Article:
The frail ceasefire between Israel and the Palestinians was under fresh strain yesterday as Israeli settlers rampaged through two Arab villages after a six-month-old Jewish baby was badly injured by Palestinian stone-throwers.
The outbreak of sectarian skirmishing came as the two sides were preparing for the arrival today in the region of the CIA director George Tenet, dispatched by US President George Bush to be the vanguard of a major American and European drive to consolidate the precarious truce.
The CIA chief - who appears to be playing the role of American diplomat rather than spook - will be pressing both sides to push ahead with the recommendations in the Mitchell report, which the international community is promoting as the only path back to negotiations and away from war.
He will arrive to find that Israel's government is expressing support for the Mitchell recommendations, although it is still pressing for a fudge over the report's call for a complete freeze of all settlement construction activity. "Mitchell is the only option," said a senior Israeli official, "It has the potential to get us back to the political process." He described the current situation as "very serious and very fragile".
Israel's position is - at least publicly - that it will follow the Mitchell "road map" if Mr Arafat satisfies it that he is making a genuine and effective effort to stop attacks on its soldiers and citizens. Chief on its agenda is a demand that the Palestinian leader imprisons suspected Islamic-nationalist militants. In return, Israeli officials are talking about what they see as a "de facto", if not all-out, settlement freeze - building only within built-up areas on existing settlements.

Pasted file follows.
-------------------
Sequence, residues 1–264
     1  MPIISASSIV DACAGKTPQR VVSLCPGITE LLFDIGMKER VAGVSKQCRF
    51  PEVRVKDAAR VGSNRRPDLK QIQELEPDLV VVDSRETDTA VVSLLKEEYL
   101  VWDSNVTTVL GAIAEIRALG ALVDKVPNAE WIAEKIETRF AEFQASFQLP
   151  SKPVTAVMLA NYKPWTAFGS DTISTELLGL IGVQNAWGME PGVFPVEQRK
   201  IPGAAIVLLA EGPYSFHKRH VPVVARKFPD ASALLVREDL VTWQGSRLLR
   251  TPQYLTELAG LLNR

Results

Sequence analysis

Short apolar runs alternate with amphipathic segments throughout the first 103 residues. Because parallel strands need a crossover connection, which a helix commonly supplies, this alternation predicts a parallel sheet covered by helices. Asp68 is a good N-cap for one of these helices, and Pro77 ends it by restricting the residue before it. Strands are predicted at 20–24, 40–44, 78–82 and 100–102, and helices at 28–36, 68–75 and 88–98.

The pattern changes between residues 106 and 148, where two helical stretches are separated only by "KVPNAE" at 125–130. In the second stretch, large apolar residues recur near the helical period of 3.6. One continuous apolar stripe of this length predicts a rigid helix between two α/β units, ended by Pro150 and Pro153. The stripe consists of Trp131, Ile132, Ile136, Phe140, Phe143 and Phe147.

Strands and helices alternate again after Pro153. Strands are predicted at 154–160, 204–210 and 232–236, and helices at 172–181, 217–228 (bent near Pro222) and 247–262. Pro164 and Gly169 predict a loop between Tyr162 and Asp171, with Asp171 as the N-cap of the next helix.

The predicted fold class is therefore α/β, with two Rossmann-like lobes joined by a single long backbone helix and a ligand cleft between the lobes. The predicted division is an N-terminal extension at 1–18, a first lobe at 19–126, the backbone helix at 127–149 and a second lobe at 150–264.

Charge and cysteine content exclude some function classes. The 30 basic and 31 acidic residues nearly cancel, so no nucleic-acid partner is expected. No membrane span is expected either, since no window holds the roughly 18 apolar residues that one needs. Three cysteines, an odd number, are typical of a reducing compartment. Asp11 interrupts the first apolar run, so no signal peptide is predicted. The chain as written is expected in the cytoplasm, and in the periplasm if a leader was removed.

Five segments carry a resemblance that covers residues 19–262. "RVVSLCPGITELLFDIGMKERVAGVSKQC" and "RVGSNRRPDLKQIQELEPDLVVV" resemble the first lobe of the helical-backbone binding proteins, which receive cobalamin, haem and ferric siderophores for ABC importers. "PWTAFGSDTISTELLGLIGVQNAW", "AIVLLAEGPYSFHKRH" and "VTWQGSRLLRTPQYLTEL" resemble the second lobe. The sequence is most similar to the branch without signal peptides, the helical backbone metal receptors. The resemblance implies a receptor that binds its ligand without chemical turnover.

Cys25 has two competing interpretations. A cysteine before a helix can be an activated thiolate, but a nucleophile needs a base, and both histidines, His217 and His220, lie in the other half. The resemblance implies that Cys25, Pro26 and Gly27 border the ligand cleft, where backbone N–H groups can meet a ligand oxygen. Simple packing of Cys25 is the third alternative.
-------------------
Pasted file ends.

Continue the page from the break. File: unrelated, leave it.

But the CIA director will also find that many Palestinians are ambivalent about the ceasefire, which comes in tandem which another bout of harsh collective punishment from Israel in the aftermath of Friday's Tel Aviv suicide bombing, in which 21 people were killed. Israel refrained, under international pressure, from harsh military reprisals after that atrocity, which is believed to be the work of Hamas.
But its army sealed off the occupied territories more tightly than ever - easing the plight of 3m people by slightly loosening the blockade only yesterday. The Israeli armed forces have also been digging a trench along the southern Gaza border, on the grounds that this will stop the Palestinians smuggling in weapons via tunnels from Egypt.
Nor has Mr Tenet's task been made any easier by the scattered violence from both sides, or by an outburst by Ariel Sharon, Israel's prime minister, who told a Russian TV interviewer that he viewed Yasser Arafat as a "murderer and a pathological liar" - an onslaught that drew a sharp call for self-restraint from his more moderate Foreign Minister, Shimon Peres.
Yesterday, only hours before a big settler demonstration was due to begin in west Jerusalem to demand that Mr Sharon take tougher military measures against the Palestinians, a group of armed settlers set light to several buildings in the West Bank villages of al-Sawia and al-Lubban, according to witnesses and local officials.
Diplomatic efforts will now be directed at moving both sides to fulfilling other terms in the Mitchell report - such as resuming security co-operation, arrests by the Palestinian Authority of Islamic militants, and an end by Israel of blockades on the occupied territories. None of this is easy.
Israel is demanding that Mr Arafat's security forces round up 300 Palestinian militants, and has provided a list of their names. However, it is thought highly unlikely the Palestinian leader will attempt such a large, and politically precarious, round-up.
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